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Justices overturn man's registration requirement

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A Grant Superior judge erred in sentencing a man to register as a sex offender because that requirement wasn't in place at the time he committed his crime, the Indiana Supreme Court ruled.

In the opinion released Wednesday, Gary M. Hevner v. State of Indiana, No. 27S02-1001-CR-5, Gary Hevner challenged the part of his sentence that required him to register as a sex offender for committing possession of child pornography as a Class D felony in 2005. This was Hevner's first offense under the statute. At the time he committed the offense, a person convicted for the first time of possessing child pornography wasn't considered a sex offender and wasn't required to register as one. But Hevner's trial began in 2008, after the Indiana Sex Offender Registration Act was amended to require anyone convicted of possession of child pornography to register, regardless of the number of convictions.

He appealed his sentence, claiming the registration requirement violated the ex post facto prohibitions of the federal and state constitutions. The Indiana Court of Appeals affirmed, but the justices decided the requirement violated only the Indiana Constitution because the United States Supreme Court had recently upheld Alaska's Sex Offender Registration Act didn't violate the ex post facto clause of the U.S. Constitution. Indiana and Alaska have similar acts.

Using an "intent-effects" test, the justices ruled the registration requirement was punitive in effect. The court should have sentenced Hevner under the statute in effect on the date he committed the offense, wrote Justice Robert Rucker.

"As applied to Hevner the Act violates the prohibition on ex post facto laws contained in the Indiana Constitution because it imposes burdens that have the effect of adding punishment beyond that which could have been imposed when the crime was committed," he wrote.

Hevner also challenged the condition of his probation that he can't live within 1,000 feet of a school. The high court noted the record isn't entirely clear that the trial court imposed that restriction; however, the justices concluded that condition isn't an unreasonable condition. The case was remanded for further proceedings.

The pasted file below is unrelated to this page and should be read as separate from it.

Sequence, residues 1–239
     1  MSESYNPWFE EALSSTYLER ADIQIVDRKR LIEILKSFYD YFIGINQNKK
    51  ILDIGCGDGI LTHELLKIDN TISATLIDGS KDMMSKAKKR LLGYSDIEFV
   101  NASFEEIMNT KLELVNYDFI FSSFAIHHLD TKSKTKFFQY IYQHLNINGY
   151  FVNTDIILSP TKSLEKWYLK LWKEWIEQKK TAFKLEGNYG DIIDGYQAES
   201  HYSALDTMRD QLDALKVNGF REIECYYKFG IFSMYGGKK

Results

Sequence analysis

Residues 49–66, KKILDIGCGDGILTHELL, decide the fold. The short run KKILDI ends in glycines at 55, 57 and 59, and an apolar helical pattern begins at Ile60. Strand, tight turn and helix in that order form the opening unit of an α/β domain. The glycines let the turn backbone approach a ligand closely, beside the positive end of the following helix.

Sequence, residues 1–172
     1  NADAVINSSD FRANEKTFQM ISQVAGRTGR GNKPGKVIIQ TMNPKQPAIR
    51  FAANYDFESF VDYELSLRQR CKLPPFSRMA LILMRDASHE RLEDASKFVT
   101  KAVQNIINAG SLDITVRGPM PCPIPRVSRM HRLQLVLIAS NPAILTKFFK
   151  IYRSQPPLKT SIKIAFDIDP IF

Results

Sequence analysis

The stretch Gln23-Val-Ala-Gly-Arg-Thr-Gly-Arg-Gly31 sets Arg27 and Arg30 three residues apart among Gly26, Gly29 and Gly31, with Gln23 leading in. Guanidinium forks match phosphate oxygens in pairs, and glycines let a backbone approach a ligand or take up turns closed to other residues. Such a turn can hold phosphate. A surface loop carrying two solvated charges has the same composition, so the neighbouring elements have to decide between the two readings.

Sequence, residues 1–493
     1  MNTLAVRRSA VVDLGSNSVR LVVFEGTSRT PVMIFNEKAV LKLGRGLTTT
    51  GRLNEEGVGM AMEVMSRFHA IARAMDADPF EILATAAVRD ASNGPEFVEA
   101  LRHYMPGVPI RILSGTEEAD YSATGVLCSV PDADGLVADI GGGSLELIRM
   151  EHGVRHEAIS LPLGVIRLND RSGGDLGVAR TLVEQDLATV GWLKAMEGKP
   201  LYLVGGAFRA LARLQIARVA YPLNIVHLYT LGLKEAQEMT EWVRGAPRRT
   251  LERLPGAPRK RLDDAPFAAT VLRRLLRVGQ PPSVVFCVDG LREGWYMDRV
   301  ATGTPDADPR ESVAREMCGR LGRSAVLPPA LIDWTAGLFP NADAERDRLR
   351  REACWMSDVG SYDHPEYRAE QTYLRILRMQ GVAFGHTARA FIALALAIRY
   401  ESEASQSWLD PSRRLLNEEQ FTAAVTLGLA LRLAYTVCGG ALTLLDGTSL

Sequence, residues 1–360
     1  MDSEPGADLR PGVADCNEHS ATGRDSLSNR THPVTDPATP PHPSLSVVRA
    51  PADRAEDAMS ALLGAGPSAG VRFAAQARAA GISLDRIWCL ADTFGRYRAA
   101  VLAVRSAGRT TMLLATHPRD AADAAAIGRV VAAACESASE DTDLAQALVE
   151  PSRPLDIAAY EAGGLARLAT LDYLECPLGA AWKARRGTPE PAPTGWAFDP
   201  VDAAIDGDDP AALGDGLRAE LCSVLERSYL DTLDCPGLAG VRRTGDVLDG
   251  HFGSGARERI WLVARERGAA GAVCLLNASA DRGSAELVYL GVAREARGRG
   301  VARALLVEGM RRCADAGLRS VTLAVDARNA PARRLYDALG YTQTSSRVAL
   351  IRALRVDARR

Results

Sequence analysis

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  1. Video pen? Nice work, "JW"! Let this be a lesson and a caution to all disgruntled ex-spouses (or soon-to-be ex-spouses) . . . you may think that altercation is going to get you some satisfaction . . . it will not.

  2. First comment on this thread is a fitting final comment on this thread, as that the MCBA never answered Duncan's fine question, and now even Eric Holder agrees that the MCBA was in material error as to the facts: "I don't get it" from Duncan December 1, 2014 5:10 PM "The Grand Jury met for 25 days and heard 70 hours of testimony according to this article and they made a decision that no crime occurred. On what basis does the MCBA conclude that their decision was "unjust"? What special knowledge or evidence does the MCBA have that the Grand Jury hearing this matter was unaware of? The system that we as lawyers are sworn to uphold made a decision that there was insufficient proof that officer committed a crime. How can any of us say we know better what was right than the jury that actually heard all of the the evidence in this case."

  3. wow is this a bunch of bs! i know the facts!

  4. MCBA .... time for a new release about your entire membership (or is it just the alter ego) being "saddened and disappointed" in the failure to lynch a police officer protecting himself in the line of duty. But this time against Eric Holder and the Federal Bureau of Investigation: "WASHINGTON — Justice Department lawyers will recommend that no civil rights charges be brought against the police officer who fatally shot an unarmed teenager in Ferguson, Mo., after an F.B.I. investigation found no evidence to support charges, law enforcement officials said Wednesday." http://www.nytimes.com/2015/01/22/us/justice-department-ferguson-civil-rights-darren-wilson.html?ref=us&_r=0

  5. Dr wail asfour lives 3 hours from the hospital,where if he gets an emergency at least he needs three hours,while even if he is on call he should be in a location where it gives him max 10 minutes to be beside the patient,they get paid double on their on call days ,where look how they handle it,so if the death of the patient occurs on weekend and these doctors still repeat same pattern such issue should be raised,they should be closer to the patient.on other hand if all the death occured on the absence of the Dr and the nurses handle it,the nurses should get trained how to function appearntly they not that good,if the Dr lives 3 hours far from the hospital on his call days he should sleep in the hospital

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